The mayor delivered the following remarks in Queens this morning on the city's preparation for Hurricane Irene this weekend:
“We’re joined by too many people to introduce, but this is the community’s representatives, clergy, and laymen and laywomen who live in this wonderful community, and like all of us are worried about Irene. I met with some of the community leaders this morning for breakfast, and we discussed how to prepare ourselves for the coming storm and the flooding that could result from it.
“The good news is that our Department of Environmental Protection – and crews like the ones you saw working here on the street – are working hard to clean out catch basins, which will help mitigate flooding from the weather that’s heading our way. You should know we have 143,000 catch basins in this city. We can’t check them all every day. As a matter of fact, the schedule is once every three years, but we do inspect certain ones much more frequently because they have a much greater impact on the system. And so we think we’re a little bit ahead of where we want to be, at least we hope we are. But we’re doing everything we can.
“Since 2002, you should know that we’ve invested nearly $2 billion in citywide sewer system upgrades, including $242 million specifically where we are in Southeast Queens, which has helped reduce flooding in what is the most flood-prone area in our city.
“The City has already seen the power of Mother Nature once this week, and Mother Nature may not be done with us yet. I’m sure that many of you are following the story of Hurricane Irene. I’d like to give you an update on how we’re preparing our city for all possible scenarios. Unfortunately, there is an element of unpredictability when it comes to the weather, and so we hope for the best but we prepare for the worst. That’s why this City is, I think, ready for this weekend.
“By the time Irene gets to us, which is forecasted to do sometime on Sunday, it certainly will still be a powerful storm – possibly as strong as a Category 2 hurricane on Long Island, but anything can happen in terms of its direction and its severity.
“At this point, the forecast does not indicate that the storm would hit New York City with that strength, but we certainly will still see its effects here, including tropical storm-like conditions such as heavy rains and winds of 60 miles an hour or more. And as a matter of fact, you’re going to see some of Mother Nature later this afternoon if the forecasters are right. There is a band of heavy thunderstorms that are scheduled to move across the city later today, and so take the normal precautions. When you’re out in thunderstorms, don’t go out into a field, get inside, inside a car, or inside a building. And be careful. And also, it’s a good time to check in on any neighbors who live alone, and could use some help.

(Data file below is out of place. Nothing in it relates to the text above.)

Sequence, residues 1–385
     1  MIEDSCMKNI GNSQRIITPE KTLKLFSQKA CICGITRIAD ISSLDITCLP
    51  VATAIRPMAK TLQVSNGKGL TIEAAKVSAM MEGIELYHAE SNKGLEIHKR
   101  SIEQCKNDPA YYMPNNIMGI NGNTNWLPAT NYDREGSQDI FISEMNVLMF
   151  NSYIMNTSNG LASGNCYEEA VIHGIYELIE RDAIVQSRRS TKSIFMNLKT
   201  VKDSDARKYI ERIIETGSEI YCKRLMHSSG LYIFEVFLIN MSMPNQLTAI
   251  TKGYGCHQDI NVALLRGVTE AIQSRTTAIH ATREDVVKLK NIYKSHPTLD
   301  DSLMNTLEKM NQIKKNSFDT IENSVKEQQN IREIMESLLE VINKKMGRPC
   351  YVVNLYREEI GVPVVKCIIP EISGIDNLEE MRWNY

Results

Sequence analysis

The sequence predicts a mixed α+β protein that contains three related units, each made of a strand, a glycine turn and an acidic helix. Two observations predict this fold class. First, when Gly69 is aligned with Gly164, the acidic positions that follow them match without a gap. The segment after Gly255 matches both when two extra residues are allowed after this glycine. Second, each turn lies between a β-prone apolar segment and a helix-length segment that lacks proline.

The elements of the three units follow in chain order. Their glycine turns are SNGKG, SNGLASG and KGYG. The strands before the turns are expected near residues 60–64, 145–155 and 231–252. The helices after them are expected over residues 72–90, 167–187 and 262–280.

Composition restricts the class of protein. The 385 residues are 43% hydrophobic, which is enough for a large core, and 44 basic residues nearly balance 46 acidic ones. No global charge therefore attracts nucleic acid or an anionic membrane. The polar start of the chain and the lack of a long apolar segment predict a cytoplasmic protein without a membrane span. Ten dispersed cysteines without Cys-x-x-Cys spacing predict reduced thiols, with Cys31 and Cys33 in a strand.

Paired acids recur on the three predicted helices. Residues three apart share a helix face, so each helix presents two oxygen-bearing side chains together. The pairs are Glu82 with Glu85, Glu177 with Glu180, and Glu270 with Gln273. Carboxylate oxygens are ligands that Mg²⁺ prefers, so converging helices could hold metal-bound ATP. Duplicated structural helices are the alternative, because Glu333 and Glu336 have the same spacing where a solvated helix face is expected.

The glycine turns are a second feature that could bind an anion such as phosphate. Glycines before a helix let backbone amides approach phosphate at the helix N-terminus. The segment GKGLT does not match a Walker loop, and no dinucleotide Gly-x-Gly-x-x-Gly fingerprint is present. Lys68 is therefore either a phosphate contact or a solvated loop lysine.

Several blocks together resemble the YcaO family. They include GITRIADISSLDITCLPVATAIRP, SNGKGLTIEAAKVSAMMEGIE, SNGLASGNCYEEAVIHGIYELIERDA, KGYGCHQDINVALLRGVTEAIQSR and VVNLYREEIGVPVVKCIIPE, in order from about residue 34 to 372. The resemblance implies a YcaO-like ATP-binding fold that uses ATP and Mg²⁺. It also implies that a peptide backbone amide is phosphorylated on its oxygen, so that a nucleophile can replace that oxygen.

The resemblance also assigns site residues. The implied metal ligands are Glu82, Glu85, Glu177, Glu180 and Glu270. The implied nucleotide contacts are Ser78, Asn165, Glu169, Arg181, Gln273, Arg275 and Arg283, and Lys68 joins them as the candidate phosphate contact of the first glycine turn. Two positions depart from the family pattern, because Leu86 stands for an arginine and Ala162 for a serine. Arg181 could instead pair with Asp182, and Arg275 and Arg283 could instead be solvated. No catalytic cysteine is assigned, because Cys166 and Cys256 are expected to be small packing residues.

“If the worst scenario is going to happen this weekend, we will activate other elements of our Coastal Storm Plan, including the possibility of evacuating of New Yorkers who live in low-lying areas that could be affected by such storm surges. That includes places such as Coney Island and Manhattan Beach in Brooklyn, Far Rockaway and Broad Channel in Queens, South Beach, Midland Beach, and other low-lying areas on Staten Island, and Battery Park City in Manhattan.
“We don’t yet have enough information yet to make that call. There are still too many unknowns, but we will make a decision on whether to call for evacuating certain areas based on the track, the speed, and the strength of the storm as it moves from the Bahamas up the east coast.
“In the meantime, there are some steps that New Yorkers can take to prepare themselves for the storm. First, find out if you live in a hurricane evacuation zone. You can do this by going on the City’s website, nyc.gov and typing in your address, or by calling 311 and giving your address to the call-taker. If you do live in an evacuation zone, now is a very good time to check in with your friends or family in other parts of the city and identify a place you could stay if the weather gets bad.
“Secondly, New Yorkers can prepare themselves by stocking up on some basic supplies and making what we call a ‘Go Bag,’ a bag that you could take with you if you had to leave home at a moment’s notice. Some of the things you should have in a ‘Go Bag’ are drinking water, a first-aid kit, a flashlight, any important medications that you take, essential documents, such as passports or other forms of ID, and an extra set of car and house keys.